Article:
Song Of The Sea: Film Review
Posted on July 24, 2015
Inspired by Gaelic folklore this Irish feature from the makers of the similarly mystical The Secret Of Kells (Oscar nominated in 2010) blends traditional fantasy with modern concerns. The film’s remote setting – a beautiful, atmospheric lighthouse – clashes with the congested, disorderly streets of urban Ireland where seaside children Ben and Saoirse are sent to live with their Grandma. With exaggerated hills and deep blue seas, the 2D animation is gorgeous, as if torn straight from the pages of the most magical children’s books.
Writer-director Tomm Moore fully commits to an intimate tone, opening with a delicate song shared between mother and son. In the very next scene she dies in childbirth and the family becomes wracked with grief. Moore’s entire film is tinged with this loss but the director handles bereavement more creatively than typical Disney Pixar formulas. It’s Song Of The Sea’s intense honesty about the human condition that makes it a must see animation for adults as well as children.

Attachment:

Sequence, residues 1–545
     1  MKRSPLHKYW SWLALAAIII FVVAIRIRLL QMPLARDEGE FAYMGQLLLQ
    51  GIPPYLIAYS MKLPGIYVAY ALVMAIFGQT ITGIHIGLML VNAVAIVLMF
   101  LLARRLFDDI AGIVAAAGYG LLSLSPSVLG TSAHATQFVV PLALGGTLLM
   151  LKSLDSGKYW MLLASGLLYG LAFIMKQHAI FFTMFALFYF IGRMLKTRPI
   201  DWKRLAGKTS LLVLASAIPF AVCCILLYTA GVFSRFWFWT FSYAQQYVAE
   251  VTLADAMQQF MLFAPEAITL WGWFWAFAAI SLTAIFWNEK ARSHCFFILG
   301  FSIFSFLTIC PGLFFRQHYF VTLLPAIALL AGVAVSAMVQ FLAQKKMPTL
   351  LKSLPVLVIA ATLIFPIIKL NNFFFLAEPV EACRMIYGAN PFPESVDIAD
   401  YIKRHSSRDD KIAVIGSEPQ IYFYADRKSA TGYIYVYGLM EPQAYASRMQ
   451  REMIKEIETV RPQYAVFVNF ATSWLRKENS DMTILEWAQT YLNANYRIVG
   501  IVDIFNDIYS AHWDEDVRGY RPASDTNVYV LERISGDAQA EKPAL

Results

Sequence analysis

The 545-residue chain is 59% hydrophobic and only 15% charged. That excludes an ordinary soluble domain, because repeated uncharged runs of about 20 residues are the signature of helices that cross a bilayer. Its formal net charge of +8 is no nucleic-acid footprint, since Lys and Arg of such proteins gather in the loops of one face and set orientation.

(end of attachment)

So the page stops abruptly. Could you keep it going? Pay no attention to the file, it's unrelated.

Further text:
The family’s new arrival, Saoirse, is the last of the selkies – mystical girls who can transform into seals – and occupies a complex space between treasured daughter and resented sister. Moore’s poignant rescue plot, which centres on faeries turned to stone after giving up their emotional suffering to the spiritual Macha, presents Saoirse as both a mystical and a familial heroine.
VERDICT: ★ ★ ★ ★ ★ 5/5
Running time: 93 minutes
UK release date: 10 July 2015
Images: © 2014 – GKIDS